South Korea's healthcare services have an aggressive plan to deploy standardized IoT devices in a coordinated fashion. The designs emphasize interoperability, data security, and abilities ranging from military readiness to elder care monitoring.

    Minding the store

    If you've been to a mall, you've probably already seen at least one store with a major IoT time-saver. Dynamic pricing through digital signage is already a reality at several major retailers. Some chains have pushed much deeper. Carrefour Taiwan's IoT transformation has improved everything from air quality to customer satisfaction.

    Today, any retail environment can quickly deploy IoT tags to improve inventory controls and install navigation beacons to help shoppers find what they need faster. Done right, in-store wayfinding is accurate down to the individual aisle and shelf. Today many of these solutions are smartphone-based, but connected lighting solutions make it feasible to guide shoppers and literally spotlight a product on the shelf, without the need for a handheld screen.

    An agricultural revolution

    Never underestimate how eager agriculture is to embrace new technology. IoT technologies are everywhere in humanity's oldest organized industry, from tractor management to livestock feeding.

    One particularly promising emerging project is the Leafy Green Machine, which packs an IoT-laden farm into a standard shipping container. The project combines conventional design efficiencies with extensive interactive controls to produce tons of produce from a single shipping container. Everything from nutrient release to lighting is sensor-controlled and can be managed remotely. The entire yield can be managed by a single part-time farmer.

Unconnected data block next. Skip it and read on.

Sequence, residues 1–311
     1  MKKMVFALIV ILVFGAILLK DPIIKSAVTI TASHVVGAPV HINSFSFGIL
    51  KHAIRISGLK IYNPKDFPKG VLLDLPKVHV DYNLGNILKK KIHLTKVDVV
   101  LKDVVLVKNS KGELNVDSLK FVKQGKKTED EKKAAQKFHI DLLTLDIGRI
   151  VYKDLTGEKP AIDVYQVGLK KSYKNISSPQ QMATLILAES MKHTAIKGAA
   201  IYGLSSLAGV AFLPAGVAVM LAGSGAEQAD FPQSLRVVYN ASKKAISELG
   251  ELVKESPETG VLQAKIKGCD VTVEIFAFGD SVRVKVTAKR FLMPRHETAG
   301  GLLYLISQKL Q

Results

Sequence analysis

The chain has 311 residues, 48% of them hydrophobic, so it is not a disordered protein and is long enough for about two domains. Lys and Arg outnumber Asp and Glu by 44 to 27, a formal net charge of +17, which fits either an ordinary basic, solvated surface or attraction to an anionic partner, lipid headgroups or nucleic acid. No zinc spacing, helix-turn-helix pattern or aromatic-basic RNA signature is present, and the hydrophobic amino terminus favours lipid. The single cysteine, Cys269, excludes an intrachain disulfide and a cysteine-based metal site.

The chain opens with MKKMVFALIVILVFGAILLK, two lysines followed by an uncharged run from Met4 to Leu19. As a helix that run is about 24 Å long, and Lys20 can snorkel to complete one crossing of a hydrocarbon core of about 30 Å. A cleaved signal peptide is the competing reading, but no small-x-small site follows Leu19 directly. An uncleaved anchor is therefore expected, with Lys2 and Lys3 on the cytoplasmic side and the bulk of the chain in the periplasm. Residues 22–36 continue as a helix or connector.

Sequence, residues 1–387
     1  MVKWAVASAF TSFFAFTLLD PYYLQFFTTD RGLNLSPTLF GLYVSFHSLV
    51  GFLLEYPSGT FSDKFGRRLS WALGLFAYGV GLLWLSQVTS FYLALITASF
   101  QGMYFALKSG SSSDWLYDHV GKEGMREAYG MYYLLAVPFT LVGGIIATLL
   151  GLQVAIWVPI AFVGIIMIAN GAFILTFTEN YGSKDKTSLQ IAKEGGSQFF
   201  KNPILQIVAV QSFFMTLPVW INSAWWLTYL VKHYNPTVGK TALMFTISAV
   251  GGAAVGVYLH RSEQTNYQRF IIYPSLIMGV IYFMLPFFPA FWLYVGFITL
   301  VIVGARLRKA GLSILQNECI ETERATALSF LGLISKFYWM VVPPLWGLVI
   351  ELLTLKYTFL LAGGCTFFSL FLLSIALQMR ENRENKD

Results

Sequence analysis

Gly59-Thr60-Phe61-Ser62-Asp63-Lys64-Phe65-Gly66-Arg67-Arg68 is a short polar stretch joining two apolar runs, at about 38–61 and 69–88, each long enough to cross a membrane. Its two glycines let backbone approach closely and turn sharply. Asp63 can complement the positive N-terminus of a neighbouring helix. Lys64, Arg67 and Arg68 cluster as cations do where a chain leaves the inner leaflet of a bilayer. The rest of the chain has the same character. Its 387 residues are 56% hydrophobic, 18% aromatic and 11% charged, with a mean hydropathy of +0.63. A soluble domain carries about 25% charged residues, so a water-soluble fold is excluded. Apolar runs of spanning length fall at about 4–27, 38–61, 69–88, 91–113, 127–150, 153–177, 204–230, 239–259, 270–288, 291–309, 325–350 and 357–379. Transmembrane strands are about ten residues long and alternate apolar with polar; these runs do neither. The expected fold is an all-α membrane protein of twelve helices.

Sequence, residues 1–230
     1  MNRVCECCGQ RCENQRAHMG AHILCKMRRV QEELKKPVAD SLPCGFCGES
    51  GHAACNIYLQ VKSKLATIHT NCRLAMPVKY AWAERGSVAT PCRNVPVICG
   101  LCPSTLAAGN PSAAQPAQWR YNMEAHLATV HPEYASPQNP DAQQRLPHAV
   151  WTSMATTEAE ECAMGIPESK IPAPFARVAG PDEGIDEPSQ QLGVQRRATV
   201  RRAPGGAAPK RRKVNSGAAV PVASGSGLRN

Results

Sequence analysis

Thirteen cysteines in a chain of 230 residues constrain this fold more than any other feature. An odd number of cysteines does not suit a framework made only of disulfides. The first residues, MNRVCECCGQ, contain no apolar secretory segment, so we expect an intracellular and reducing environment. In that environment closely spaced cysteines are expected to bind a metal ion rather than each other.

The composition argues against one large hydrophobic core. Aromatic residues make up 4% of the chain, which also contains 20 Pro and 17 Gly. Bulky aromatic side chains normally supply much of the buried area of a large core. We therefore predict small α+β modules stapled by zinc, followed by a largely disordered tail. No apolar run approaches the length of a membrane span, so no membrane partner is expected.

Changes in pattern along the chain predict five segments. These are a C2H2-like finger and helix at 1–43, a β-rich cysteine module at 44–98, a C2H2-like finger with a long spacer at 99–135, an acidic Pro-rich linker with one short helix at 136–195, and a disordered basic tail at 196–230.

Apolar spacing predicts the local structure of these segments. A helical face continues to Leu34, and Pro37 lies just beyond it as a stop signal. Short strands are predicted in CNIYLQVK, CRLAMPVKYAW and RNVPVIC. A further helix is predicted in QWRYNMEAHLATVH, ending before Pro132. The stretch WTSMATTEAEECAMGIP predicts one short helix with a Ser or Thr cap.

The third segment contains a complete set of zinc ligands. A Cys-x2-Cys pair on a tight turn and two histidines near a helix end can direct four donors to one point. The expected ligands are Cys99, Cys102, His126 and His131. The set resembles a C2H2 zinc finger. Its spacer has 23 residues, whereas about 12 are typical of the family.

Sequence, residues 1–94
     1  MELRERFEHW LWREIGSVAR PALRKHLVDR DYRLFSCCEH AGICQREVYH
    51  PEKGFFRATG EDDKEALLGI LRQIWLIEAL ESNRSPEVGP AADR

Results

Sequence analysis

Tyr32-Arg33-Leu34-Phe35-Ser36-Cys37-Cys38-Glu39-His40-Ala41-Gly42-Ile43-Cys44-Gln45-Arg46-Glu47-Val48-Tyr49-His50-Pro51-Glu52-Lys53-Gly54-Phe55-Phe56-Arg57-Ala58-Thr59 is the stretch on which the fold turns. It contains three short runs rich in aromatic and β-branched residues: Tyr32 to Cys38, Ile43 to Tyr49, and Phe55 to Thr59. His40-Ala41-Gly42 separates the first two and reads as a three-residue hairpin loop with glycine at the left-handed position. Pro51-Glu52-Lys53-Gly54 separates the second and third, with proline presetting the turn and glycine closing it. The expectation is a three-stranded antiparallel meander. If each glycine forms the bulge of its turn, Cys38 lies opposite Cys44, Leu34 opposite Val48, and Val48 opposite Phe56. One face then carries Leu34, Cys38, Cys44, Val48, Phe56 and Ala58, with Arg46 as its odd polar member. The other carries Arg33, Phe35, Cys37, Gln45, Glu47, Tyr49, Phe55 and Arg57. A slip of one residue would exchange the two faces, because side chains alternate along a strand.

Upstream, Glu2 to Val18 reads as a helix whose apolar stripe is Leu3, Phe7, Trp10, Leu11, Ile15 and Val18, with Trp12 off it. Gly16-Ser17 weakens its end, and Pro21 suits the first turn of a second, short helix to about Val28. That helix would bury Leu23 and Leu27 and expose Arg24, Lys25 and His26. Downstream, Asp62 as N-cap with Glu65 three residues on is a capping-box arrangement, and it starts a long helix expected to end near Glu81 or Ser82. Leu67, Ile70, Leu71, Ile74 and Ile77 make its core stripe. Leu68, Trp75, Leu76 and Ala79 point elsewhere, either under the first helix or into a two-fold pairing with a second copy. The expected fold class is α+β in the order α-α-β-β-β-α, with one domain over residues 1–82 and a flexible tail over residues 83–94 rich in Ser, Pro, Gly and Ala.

The high-productivity city

    The smart city isn't exactly a business application, but it can make doing business a lot easier.

    Take Singapore. Since 1998, the city-state has used data analytics to reduce traffic congestion using variable road tolls that discourage drivers from taking overburdened routes. Now, it's working on an Intelligent Transport System (ITS) that will use sensor data about traffic patterns, road conditions, and weather to dynamically change speed limits, alter lane patterns, and help travelers reroute. That will make doing business in Singapore that much easier. At the most basic level, employees will find it that much easier to get to work.

    It's not only Singapore, either. Analysis by Juniper Research finds that smart cities running on IoT platforms are in general already well on their way to saving citizens 125 hours per year by optimizing mobility, public safety, healthcare, and productivity.

    Each of these examples demonstrates how the IoT is more than a series of technological innovations. The IoT is really a collaborative tool that helps innovators in every industry create better ways of living and working.

    A next step, of course, will be to give everyone access to that tool — to integrate IoT solutions seamlessly into our lives. And one effective platform that can do just that is connected lighting. Data-enabling our lighting systems — which are already installed everywhere, and which, in a LED age, are already digital — is an easy way to make the IoT ubiquitous. From the smart office to the data-driven new hospital and clinic to the smart city, lighting infrastructure can be the factor that brings the IoT age into its maturity.